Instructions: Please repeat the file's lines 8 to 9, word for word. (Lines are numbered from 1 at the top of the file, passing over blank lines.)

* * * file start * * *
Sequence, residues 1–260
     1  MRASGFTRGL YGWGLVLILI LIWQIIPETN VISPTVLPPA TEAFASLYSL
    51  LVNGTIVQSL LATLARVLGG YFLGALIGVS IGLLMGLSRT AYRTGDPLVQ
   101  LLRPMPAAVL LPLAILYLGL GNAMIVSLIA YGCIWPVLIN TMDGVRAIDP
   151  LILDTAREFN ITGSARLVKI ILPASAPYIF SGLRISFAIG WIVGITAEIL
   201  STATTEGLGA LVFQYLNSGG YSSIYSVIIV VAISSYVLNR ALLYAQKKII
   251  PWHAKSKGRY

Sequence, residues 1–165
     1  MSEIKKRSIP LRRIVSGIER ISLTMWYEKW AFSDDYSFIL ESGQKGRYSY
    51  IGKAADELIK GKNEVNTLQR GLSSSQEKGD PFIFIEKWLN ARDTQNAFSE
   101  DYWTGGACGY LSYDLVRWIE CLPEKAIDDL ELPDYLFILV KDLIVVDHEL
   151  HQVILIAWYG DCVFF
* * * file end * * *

Sequence, residues 1–165
     1  MSEIKKRSIP LRRIVSGIER ISLTMWYEKW AFSDDYSFIL ESGQKGRYSY